NEW YORK, NY.-
Famous for its medieval and Renaissance manuscripts, The Morgan Library & Museum
also holds a notable collection of single illuminated pages. Extracted from full texts, these works were acquired because they include some of the most spectacular examples of medieval painting, often with intricate designs brightened by burnished gold. From June 19 through September 13, 2009, in an exhibition entitled Pages of Gold: Medieval Illuminations from the Morgan, fifty of the Morgans finest single leavesmany of which were acquired by Pierpont Morgan and twelve of which are being displayed for the first timeare on view.
The centerpiece of the exhibition is the finest leaf from the celebrated Winchester Bible, arguably the most lavish English Bible of its time. Made in Winchester during the last quarter of the twelfth century, it contains vivid scenes from the lives of Samuel and David and was the last leaf acquired by Mr. Morgan. Also included in the show are works of Italian, French, Flemish, German, Hungarian, and Spanish origin.
Pages of Gold offers a new take on one of the core strengths of the Morgan, its unrivaled holding of illuminated manuscripts, said William M. Griswold, the Morgans director. While no longer in their original context within a book, seeing individual pages mounted and framed allows one to focus on the quality of each illumination as a small painting. It is also fascinating, given the broad geographical range of the show, to see the stylistic differences that distinguish one region or period from another.
Although miniatures and illuminated initials were occasionally removed from manuscripts, they were not collected systematically before the nineteenth century. A pivotal turning point was when Luigi Celotti, an Italian abbot turned dealer, acquired looted choir books from the Sistine Chapel in 1798. Celotti cut out their miniatures and decorated borders to avoid transporting the large and heavy volumes to England, where the miniatures, as well the montages he made from the decorated borders, were sold at a landmark sale held at Christies auction house in London in 1825.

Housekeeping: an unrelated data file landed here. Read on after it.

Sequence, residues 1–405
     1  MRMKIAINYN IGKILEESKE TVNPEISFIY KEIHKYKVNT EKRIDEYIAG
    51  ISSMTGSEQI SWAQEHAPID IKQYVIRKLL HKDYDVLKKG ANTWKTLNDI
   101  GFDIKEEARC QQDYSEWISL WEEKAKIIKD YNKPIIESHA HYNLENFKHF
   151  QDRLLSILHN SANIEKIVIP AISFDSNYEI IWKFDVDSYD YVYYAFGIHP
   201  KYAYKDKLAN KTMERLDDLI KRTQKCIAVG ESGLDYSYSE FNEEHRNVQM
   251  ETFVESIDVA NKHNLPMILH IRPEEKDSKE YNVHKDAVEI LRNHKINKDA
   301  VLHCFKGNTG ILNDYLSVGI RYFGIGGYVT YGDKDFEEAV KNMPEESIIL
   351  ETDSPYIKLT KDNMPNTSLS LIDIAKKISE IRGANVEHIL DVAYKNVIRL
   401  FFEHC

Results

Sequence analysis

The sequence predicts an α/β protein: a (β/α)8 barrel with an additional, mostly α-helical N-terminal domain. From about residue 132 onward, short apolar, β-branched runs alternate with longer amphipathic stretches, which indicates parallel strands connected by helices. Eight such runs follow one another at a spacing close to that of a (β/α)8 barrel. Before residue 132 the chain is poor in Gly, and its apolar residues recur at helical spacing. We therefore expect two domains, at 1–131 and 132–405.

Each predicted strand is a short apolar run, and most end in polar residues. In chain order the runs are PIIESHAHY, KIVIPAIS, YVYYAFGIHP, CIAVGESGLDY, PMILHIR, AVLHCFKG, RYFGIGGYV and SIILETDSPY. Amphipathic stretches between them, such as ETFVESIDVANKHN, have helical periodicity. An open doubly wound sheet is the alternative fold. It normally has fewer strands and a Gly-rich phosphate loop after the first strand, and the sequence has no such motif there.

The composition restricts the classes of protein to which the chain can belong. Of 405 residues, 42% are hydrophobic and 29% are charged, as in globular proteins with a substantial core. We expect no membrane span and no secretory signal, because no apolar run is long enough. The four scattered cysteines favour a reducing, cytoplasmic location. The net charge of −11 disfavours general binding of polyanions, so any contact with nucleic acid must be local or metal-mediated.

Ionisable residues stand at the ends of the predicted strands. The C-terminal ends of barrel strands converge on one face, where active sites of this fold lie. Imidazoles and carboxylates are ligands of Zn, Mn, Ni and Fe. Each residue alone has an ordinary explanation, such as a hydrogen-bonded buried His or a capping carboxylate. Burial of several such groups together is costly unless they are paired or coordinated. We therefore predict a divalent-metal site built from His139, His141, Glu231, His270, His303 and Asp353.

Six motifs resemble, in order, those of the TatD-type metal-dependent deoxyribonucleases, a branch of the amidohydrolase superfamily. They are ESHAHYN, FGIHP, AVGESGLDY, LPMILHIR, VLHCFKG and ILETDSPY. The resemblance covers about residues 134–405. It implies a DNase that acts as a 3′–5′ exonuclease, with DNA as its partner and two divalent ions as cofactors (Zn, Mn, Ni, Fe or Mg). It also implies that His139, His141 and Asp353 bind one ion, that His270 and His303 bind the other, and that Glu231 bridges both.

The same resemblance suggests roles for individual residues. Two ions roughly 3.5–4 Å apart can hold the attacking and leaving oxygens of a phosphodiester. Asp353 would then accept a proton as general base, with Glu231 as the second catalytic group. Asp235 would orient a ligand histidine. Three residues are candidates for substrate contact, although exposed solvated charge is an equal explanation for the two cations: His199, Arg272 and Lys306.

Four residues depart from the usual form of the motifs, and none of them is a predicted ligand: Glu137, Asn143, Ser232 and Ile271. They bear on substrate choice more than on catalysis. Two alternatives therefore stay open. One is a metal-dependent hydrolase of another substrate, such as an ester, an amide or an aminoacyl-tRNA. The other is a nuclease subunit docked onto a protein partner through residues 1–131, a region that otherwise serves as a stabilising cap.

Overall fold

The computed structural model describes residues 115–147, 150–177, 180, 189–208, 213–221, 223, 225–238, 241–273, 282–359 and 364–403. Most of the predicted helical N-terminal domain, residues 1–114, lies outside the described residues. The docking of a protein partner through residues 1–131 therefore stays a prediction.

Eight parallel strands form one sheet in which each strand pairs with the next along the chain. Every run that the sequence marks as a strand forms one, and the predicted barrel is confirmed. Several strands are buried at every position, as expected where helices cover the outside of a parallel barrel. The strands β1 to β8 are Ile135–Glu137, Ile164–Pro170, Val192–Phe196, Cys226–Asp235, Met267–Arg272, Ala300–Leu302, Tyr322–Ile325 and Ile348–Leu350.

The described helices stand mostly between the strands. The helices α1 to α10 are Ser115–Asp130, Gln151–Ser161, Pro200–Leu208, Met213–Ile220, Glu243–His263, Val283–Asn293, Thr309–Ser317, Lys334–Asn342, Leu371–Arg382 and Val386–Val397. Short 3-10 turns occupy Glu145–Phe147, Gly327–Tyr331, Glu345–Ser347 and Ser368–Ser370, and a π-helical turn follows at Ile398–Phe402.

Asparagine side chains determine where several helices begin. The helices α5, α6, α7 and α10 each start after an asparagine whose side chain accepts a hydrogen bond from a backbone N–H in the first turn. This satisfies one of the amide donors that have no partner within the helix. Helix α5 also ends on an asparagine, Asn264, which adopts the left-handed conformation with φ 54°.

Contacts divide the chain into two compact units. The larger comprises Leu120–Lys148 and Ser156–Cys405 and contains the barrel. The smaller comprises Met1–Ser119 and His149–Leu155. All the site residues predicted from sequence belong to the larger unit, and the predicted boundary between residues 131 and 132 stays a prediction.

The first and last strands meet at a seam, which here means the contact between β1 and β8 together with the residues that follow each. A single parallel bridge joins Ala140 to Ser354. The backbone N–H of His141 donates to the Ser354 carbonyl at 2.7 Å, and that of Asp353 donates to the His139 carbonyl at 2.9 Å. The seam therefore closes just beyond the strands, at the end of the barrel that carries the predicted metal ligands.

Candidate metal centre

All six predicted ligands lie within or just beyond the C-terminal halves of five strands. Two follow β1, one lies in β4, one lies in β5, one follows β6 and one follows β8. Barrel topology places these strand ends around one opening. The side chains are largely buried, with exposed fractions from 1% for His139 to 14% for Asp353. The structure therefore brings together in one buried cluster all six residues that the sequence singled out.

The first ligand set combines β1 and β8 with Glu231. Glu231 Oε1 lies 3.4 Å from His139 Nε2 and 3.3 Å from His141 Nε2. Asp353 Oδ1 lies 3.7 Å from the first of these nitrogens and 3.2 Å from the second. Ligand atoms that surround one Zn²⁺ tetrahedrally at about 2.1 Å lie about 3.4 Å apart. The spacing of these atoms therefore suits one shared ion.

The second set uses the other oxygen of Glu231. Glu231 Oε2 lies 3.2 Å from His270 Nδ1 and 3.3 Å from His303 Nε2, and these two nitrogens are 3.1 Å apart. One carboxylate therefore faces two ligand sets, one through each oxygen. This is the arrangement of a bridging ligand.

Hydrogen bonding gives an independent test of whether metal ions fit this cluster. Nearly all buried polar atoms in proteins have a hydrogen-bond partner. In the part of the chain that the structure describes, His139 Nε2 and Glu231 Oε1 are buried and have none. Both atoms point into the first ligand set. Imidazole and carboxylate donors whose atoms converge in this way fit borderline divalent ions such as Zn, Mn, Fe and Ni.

One of Celottis best preserved and most spectacular montages, on view for the first time, opens the exhibition. Fragments of the composite leaf originally came from a book commissioned by Pope Clement VII (r. 152334) or his cousin Pope Leo X (r. 151321) for use in the Sistine Chapel. The page comprises five separate panels. Two vertical side panels include classical decoration, medallions with figures of evangelists, a pope, and a bishop and the emblem of Clement VII. At the center of the montage is a miniature by Vincenzo Raimondi of the Birth of John the Baptist, depicting Elizabeth handing her swaddled newborn to a woman, while Zachariah writes the name of his son on a scroll.
Notable examples from the collection of William Young Ottley, an art historian and early collector of single leaves, include works excised from the twelfth-century Eadwine Psalter from Canterbury. The two double-sided leaves each contain seventy-seven small miniatures depicting scenes from the lives of Moses, Joshua, Saul, David, and Christ. Ottley cataloged the 1825 Celotti London sale at Christies, and his own collection of single leaves was sold as illuminated miniature paintings at Sothebys in 1838.
Pages from a richly decorated book made for Hungarian royalty (ca. 132535) are also on view. Each of its leaves originally contained four distinct scenes, but they were cut and mounted individually during the seventeenth century. The exhibition includes several leaves in which the scenes have been reunited as well as the book in which the cut pages were mounted.
Among the Italian works is a group of cut initials and leaves from a set of choir books illuminated in Florence by Silvestro dei Gherarducci during the 1390s. The initials included illustrations of prophets within the letters and were particularly popular because they contain heavily burnished gold.
In addition to leaves from Northern Europenotably France, the Netherlands, Germany, and Bohemiathere are two Spanish choir book leaves on view that are over three feet tall. They were likely illuminated in Castile for a convent in the early sixteenth century.
The Spanish section ends with examples by the infamous Spanish Forger. Active in Paris during the early twentieth century but never identified, the Spanish Forger was named by the Morgans first director, Belle da Costa Greene, for a work that was thought to be of medieval Spanish origin. Recognizing the growing turn-of-the-century interest in collecting single leaves, the Spanish Forger created over 240 of them for an unsuspecting public. His work is notable for its distinct style and charm and is now collected in its own right.